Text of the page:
Thursday, 15 December 2011

'Users need constant feedback when using something new': ReScript editing issue 1

Page section
Article editor


Users often mark up data using attributes without identifying the item to which they belong. This makes it impossible to extract certain types of meanings from the article and so making additional editorial intervention necessary.

Impact severity

When applying an attribute, visually emphasise the item to which it relates, and report if the appropriate logical parent is not marked up.

Users often marked up attributes, such as forename or surname, but omitted to nest these within the relevant item, e.g. person, which would correctly limit the scope/context of the attributes.
Figure 1—1: here the properties forename, surname and occupation appear without a parent element to delimit their scope to the individual Richard Casye

Quantitative measure
You have just marked up "Richard Casye". If there was a problem with your mark-up, where would you expect to see a warning message?

Actual question
You have just marked up "Richard Casye". If there was a problem with your mark-up, where would you expect to see a warning message?

Initial click test result ('before')
November 2011: 120 responses.
Figure 1—2: Before

Development change
Toolbar has been reconfigured to arrange attributes directly next to its correct parent item, in a single drop down menu. In addition, a status bar at the bottom warns of any incorrect XML.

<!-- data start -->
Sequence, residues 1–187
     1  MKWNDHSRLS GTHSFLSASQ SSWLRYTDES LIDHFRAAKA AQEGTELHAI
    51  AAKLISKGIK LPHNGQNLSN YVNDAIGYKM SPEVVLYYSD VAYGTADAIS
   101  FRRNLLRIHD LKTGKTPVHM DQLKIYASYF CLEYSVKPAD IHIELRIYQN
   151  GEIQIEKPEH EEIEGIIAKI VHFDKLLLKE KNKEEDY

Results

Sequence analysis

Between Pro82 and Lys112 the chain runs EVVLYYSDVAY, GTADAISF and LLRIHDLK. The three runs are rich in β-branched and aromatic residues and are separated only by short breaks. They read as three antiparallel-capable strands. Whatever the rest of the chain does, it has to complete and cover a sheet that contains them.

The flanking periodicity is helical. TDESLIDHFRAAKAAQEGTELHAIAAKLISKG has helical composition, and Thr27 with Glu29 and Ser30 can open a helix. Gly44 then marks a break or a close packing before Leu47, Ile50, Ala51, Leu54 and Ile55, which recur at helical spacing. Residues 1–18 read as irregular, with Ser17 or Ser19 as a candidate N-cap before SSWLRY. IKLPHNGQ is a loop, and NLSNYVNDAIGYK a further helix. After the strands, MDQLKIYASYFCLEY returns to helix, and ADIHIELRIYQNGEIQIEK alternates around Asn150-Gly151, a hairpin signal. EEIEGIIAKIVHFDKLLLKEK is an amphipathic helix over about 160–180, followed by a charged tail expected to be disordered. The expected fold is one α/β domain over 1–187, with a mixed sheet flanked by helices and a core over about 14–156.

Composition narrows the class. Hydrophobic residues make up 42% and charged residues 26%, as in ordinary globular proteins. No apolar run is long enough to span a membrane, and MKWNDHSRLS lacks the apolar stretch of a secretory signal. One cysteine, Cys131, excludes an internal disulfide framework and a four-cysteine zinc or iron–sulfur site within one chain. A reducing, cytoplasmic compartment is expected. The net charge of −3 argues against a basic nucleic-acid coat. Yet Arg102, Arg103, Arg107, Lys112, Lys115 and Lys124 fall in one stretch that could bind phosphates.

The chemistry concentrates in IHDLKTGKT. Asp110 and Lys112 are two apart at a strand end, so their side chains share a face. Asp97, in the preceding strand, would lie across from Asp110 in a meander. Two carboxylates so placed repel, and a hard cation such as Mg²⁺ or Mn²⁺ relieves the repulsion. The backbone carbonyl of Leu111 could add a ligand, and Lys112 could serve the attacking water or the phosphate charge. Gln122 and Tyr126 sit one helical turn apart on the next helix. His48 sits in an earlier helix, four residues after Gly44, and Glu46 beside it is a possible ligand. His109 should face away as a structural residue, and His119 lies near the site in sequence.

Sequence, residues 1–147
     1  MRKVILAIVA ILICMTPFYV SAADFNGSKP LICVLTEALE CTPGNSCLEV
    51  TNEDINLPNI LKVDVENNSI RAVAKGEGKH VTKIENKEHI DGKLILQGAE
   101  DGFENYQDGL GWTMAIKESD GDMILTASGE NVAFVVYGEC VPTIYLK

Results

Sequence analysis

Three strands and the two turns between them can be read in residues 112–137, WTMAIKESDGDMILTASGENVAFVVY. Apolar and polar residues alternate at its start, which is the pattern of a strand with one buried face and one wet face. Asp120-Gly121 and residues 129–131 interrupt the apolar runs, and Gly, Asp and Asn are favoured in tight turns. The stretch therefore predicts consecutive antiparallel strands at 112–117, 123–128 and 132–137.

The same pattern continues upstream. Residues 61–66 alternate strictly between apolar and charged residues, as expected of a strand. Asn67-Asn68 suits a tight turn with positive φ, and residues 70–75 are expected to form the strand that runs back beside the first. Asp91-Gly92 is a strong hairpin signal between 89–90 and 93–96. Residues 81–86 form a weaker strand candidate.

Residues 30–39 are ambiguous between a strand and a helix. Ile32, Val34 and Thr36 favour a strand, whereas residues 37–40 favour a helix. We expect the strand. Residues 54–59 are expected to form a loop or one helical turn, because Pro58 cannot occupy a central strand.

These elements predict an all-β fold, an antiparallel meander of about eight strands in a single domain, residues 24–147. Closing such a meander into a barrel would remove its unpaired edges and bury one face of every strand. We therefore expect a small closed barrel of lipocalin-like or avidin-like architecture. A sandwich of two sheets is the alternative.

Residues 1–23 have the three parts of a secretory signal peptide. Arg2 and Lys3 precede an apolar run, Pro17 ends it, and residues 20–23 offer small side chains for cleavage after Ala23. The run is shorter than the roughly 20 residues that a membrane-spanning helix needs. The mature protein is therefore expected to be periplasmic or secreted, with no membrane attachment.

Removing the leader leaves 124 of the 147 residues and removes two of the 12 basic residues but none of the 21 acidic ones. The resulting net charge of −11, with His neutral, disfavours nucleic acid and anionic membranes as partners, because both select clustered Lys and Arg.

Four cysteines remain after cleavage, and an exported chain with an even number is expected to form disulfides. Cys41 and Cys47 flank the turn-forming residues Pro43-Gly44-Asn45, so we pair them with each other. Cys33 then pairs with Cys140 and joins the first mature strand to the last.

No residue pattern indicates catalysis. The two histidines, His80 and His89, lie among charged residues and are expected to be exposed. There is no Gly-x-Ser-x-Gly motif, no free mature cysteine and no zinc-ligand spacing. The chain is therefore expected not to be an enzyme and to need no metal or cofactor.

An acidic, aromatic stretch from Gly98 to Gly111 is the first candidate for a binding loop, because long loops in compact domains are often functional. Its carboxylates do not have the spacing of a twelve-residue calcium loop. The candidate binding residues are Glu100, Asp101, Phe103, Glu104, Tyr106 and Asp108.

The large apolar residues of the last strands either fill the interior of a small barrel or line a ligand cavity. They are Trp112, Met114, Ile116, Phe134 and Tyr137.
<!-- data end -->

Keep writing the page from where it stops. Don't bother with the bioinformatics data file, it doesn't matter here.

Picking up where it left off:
Figure 8—3: the toolbar is much more prominent, and the preview device has been moved to a different folder tab

Follow-up click test result ('after')
December 2011: 90 responses.

Figure 1—4: After

This was quite an involved question to begin the test with, and hopefully set the tone for the remainder of the survey, giving users an idea of what level of question to expect. The correct answer for the follow-up was the status bar message which appears beneath the text editor which did attract some clicks; the code around the problem mark-up also turns red when incorrect so those that clicked on the text itself are also correct.

There are other incorrect groups of clicks though, the right sidebar and top toolbar most prominent. IN hindsight, this particular test may have been better positioned later on in the test, when users had had a chance to better acquaint themselves with the system. However, this is still a difficult question to answer as it asks to draw on an idea of interactivity for a software programme of which they probably have no experience.

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